John was a bright young man. He had topped the country in Physics, Chemistry, German and Algebra. His place in the prestigious research laboratories was almost guaranteed.
The interview went well. All he needed to do now was to wait patiently in the staff room while the selection panel deliberated.
A short, grey-haired lady came out wheeling a tea wagon. She wore sensible shoes. Her hair was tied in a bun with a dark-brown plastic comb holding it together.
“Would you like a cup of tea or a coffee?” she asked John, kindly.
“Give me a tea,” he said. Then he wished he hadn’t asked for it. It was too difficult a balancing act: the cup, the saucer, the cookie; trying to eat and drink and talk all at once.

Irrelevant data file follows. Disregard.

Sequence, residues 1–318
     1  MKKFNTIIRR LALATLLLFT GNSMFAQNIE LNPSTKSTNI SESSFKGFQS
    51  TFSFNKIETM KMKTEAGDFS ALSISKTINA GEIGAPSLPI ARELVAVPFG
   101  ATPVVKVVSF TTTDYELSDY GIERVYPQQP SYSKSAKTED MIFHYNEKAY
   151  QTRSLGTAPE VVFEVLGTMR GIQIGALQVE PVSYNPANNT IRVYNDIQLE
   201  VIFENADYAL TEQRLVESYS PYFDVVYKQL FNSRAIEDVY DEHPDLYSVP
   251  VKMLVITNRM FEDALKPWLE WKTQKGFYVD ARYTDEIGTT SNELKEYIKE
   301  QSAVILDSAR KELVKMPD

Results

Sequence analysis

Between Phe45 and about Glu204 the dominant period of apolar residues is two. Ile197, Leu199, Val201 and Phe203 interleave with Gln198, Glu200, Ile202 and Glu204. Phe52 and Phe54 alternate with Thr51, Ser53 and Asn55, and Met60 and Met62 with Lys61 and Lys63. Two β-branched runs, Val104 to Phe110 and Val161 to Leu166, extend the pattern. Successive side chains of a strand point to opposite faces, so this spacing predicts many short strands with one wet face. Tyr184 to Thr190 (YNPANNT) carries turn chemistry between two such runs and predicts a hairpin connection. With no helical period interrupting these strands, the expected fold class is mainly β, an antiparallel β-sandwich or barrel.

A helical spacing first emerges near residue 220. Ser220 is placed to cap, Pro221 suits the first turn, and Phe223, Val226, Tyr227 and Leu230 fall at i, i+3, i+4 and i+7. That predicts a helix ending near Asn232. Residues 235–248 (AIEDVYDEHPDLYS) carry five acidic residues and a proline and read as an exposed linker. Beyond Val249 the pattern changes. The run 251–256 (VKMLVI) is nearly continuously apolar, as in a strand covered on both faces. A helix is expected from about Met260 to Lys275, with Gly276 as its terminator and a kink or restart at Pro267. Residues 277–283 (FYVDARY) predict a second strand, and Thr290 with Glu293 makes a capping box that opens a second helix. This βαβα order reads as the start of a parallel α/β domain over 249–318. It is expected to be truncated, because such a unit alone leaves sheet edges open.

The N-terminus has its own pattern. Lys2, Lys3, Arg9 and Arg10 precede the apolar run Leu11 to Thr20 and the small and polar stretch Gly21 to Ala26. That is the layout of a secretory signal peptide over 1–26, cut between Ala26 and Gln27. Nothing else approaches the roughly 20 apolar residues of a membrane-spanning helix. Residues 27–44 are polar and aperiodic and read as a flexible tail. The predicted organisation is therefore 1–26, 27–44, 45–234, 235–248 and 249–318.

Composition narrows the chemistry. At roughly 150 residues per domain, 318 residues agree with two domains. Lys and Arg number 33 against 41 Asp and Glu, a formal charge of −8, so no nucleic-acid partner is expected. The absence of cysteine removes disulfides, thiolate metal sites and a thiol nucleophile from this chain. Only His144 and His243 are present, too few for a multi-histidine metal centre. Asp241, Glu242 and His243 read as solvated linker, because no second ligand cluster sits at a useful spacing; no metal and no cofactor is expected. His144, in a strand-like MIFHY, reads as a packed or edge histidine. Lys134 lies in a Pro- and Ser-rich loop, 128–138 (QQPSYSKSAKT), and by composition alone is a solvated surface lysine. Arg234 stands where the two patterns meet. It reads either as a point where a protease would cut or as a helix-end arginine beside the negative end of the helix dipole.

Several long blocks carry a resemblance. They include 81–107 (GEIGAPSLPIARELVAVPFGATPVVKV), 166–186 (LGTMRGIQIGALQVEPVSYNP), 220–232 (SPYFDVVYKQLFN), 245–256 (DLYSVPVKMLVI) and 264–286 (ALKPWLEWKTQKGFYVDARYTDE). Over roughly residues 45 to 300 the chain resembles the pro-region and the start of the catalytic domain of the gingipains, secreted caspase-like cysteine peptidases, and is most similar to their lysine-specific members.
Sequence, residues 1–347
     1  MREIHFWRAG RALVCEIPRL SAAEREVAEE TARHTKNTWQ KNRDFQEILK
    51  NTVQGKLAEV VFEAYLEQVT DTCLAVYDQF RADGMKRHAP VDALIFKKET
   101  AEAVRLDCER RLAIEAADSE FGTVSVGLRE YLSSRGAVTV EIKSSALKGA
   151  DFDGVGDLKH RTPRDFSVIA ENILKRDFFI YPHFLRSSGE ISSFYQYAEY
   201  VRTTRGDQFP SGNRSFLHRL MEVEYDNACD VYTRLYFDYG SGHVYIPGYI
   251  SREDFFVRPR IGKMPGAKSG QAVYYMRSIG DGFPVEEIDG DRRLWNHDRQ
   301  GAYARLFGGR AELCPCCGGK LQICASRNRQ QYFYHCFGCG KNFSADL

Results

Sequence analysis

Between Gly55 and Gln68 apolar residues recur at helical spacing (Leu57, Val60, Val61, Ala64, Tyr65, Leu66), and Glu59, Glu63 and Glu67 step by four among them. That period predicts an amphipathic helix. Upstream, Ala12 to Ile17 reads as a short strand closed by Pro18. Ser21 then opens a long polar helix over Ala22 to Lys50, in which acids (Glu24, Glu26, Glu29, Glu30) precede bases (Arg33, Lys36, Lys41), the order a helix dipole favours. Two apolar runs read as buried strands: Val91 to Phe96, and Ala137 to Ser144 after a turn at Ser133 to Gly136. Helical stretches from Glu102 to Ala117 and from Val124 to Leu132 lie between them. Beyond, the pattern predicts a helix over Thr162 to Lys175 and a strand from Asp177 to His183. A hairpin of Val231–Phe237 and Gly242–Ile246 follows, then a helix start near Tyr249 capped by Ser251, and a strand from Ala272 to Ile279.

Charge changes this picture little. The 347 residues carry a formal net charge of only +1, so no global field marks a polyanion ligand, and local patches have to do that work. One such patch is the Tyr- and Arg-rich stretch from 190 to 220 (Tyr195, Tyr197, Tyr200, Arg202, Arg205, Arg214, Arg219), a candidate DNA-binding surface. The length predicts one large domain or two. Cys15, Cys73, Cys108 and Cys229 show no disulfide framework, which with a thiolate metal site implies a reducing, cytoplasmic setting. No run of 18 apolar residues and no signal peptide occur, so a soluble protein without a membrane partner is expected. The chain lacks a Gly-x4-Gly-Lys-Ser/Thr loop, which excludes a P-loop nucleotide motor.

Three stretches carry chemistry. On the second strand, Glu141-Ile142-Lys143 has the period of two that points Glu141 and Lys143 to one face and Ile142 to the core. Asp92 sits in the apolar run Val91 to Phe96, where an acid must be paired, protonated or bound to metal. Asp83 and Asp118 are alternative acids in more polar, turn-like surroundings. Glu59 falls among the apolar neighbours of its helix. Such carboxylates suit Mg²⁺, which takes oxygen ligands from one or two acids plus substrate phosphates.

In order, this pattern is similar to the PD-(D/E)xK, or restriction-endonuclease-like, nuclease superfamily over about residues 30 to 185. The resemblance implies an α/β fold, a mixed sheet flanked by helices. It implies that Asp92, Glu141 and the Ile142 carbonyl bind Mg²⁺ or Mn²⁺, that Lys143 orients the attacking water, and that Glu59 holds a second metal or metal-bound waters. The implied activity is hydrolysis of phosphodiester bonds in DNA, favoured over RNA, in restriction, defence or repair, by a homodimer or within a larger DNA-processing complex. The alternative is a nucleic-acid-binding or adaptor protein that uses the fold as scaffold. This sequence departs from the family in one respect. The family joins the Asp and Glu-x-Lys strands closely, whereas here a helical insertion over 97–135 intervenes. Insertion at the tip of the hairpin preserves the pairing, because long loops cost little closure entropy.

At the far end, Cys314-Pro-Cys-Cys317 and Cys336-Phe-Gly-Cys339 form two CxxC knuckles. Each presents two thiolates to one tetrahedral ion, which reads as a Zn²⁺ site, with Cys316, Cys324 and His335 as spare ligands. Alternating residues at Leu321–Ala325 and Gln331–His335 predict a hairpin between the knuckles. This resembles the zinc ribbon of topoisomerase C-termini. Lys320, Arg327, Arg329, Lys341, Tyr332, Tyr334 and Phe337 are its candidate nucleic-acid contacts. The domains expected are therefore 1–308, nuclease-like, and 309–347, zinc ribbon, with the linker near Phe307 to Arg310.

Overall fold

“I suppose you’re here for the interview,” said the tea lady. “How did it go?”
“It’s none of your business,” said John rather rudely. He was a bit nervous; a bit not quite himself after the interview. “You should stick to pouring tea.”
“I just thought I’d ask,” said the tea lady, giving John his cup and wheeling the wagon off. “You have a nice day.”
The selection panel reappeared shortly, and so did the tea lady with the wagon.
“Anyone for tea?” she asked.
The head of the selection panel addressed the applicant: “John,” he said, “thanks for coming for the interview. You’re highly suited academically for the task. Unfortunately, Doctor Marjorie, the head nuclear physicist, doesn’t think you’d fit well into the team. All the best for future interviews.”
Teas were poured for the panel. John stood there holding his cup and saucer and cookie, and looking stupid. The panel stared.
“92U235 + 0n1 = 56Ba144 + 36Kr89 + 3 (0n1),” thought the “tea lady”.